2. ALWAYS CALL BEFORE YOU VISIT It’s OK for the parents to want to spend time alone with their new baby and get a chance to introduce him or her to loved ones at their own pace. No matter what you do, you will not be the baby’s favorite person. This is a huge adventure for them, too! Understand that being held and passed around among visitors is really stressful for newborns because all they want is to be snuggled, fed, and soothed by their parents day and night. Let mom and dad hold the baby and wait until you are offered a chance. 3. HELP AROUND THE HOUSE There is a lot more to this parenting gig than changing diapers, giving baths, and singing lullabies. Taking care of a newborn is a lot of work, and there are still a lot of other responsibilities to take care of. Doing a load of laundry, washing dishes, or sanitizing bottles only takes a few minutes, but it can relieve a lot of stress.

7. BE A GOOD FRIEND The weeks following birth are especially important to the parents, the baby, and the rest of the family. But as time goes by and the baby grows older, there will be fewer visitors. New parents may find themselves progressively becoming more isolated from others. Keep checking back in and offering your support. Postpartum depression, one of the more commonly known postpartum mood disorders, can manifest weeks after birth and has extreme symptoms such as panic attacks, insomnia, and suicidal thoughts. Partners are susceptible to a similar depression called paternal postnatal depression. At the end of the day, your love and enthusiasm alone will be appreciated, but it never hurts to go the extra mile. You never know, maybe you’ll want them to return the favor sometime soon! Racheal Ulberg is the owner of Eau Claire Doulas and an Eau Claire native. She enjoys camping with her son, reading, and eating burritos.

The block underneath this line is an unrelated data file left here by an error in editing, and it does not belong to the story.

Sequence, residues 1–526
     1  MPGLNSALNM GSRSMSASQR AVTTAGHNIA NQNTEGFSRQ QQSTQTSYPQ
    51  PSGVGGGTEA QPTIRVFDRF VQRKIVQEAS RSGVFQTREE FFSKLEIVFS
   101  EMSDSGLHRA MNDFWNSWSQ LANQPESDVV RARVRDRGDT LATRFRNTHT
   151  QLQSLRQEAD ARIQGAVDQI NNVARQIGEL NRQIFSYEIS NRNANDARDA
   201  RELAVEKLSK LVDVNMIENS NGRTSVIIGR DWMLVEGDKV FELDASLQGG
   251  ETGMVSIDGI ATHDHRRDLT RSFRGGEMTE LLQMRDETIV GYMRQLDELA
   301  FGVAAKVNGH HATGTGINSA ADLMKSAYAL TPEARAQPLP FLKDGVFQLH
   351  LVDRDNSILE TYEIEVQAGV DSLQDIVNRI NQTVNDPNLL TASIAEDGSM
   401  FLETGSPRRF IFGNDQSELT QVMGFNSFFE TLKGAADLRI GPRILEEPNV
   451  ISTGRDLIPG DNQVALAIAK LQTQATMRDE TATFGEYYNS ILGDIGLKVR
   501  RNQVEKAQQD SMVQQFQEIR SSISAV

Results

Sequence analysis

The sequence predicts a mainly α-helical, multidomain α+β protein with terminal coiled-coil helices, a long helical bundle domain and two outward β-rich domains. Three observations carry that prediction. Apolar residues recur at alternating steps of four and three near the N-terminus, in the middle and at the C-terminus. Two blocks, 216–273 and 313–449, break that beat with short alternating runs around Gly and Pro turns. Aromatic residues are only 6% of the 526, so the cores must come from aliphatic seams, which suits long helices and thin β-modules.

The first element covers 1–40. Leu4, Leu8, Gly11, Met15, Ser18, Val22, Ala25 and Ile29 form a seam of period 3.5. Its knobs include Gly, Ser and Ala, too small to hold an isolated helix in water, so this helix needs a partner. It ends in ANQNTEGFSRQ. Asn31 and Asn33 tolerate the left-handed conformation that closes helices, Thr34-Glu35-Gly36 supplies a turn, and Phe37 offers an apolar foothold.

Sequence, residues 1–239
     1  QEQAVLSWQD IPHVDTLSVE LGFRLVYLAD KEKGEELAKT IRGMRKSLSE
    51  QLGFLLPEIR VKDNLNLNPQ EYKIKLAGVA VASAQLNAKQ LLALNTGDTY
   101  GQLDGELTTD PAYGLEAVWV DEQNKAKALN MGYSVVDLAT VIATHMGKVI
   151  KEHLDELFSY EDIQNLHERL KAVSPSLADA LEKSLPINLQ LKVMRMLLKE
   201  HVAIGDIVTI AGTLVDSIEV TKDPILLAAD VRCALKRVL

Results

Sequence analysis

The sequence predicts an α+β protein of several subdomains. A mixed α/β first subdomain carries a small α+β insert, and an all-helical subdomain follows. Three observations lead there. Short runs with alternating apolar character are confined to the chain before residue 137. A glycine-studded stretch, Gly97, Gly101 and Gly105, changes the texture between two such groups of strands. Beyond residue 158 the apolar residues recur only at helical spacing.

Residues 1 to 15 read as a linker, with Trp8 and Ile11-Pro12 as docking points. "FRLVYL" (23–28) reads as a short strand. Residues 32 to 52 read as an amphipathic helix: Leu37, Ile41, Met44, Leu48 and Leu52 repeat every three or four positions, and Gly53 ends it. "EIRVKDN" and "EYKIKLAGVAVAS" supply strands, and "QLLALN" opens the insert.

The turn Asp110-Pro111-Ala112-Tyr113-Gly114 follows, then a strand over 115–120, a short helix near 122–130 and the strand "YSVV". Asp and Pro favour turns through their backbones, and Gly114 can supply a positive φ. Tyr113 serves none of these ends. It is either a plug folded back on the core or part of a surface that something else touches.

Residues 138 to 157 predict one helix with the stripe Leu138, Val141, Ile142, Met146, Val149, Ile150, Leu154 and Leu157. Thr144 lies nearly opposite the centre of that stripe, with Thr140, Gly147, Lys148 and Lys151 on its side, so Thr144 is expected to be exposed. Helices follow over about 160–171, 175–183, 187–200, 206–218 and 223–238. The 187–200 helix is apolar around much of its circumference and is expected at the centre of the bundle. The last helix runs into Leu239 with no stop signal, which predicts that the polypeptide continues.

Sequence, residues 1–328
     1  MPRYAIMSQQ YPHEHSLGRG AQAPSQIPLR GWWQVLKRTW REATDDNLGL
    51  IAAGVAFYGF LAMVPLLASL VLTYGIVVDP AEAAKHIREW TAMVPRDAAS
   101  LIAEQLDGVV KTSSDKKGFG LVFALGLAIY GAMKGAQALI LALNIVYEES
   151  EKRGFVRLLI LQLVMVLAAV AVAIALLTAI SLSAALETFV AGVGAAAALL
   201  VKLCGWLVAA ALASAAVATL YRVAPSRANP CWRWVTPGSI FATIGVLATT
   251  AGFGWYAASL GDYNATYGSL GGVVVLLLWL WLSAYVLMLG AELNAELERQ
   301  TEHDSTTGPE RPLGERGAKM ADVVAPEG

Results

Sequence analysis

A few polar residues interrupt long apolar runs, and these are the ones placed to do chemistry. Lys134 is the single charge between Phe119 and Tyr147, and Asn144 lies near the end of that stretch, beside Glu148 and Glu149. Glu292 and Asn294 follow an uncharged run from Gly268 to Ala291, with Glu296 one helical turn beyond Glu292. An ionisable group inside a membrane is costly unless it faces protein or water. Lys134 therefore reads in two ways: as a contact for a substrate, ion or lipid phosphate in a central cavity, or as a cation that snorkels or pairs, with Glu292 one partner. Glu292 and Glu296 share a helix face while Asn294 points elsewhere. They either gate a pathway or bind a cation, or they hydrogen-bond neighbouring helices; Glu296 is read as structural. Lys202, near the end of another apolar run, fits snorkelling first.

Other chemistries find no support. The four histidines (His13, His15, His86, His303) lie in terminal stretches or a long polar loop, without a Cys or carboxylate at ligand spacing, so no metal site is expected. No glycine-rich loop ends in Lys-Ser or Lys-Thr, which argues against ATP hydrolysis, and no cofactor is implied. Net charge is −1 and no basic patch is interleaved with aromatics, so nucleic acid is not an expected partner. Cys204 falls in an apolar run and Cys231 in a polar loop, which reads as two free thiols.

fluoride varnish makes protecting kids’ teeth easier This safe, effective method to prevent tooth decay is still relatively new in the United States Topical fluoride can be applied by your dentist’s office in two ways: as a gel (which is the more traditional method) or as a varnish. Topical fluoride varnish is relatively new in the United States, but it has been commonly used in other parts of the world. Basically, the varnish is a coating that is “painted” on the enamel of teeth, and it allows the fluoride to be absorbed. It is generally applied at a routine dental cleaning appointment, and it is especially useful for young kids and kids who have difficulty with the traditional fluoride trays.

According to the American Academy of Pediatric Dentistry, “using fluoride for the prevention and control of cavities is documented to be both safe and highly effective.” Fluoride varnish has made this useful tool easier to apply to the teeth of young kids. Fluoride varnish sets quickly, is easy to apply, and adheres to the teeth for a longer period. Next time your young children are at the dentist, ask about fluoride varnish.

get more tips at:

ChippewaValleyFamily.org/tips

SELF / FOOD /

H E A LT H

/ M AT E R N I T Y /

BABY

/ P E T S / F I N A N C E / R E L AT I O N S H I P S / PA R E N T I N G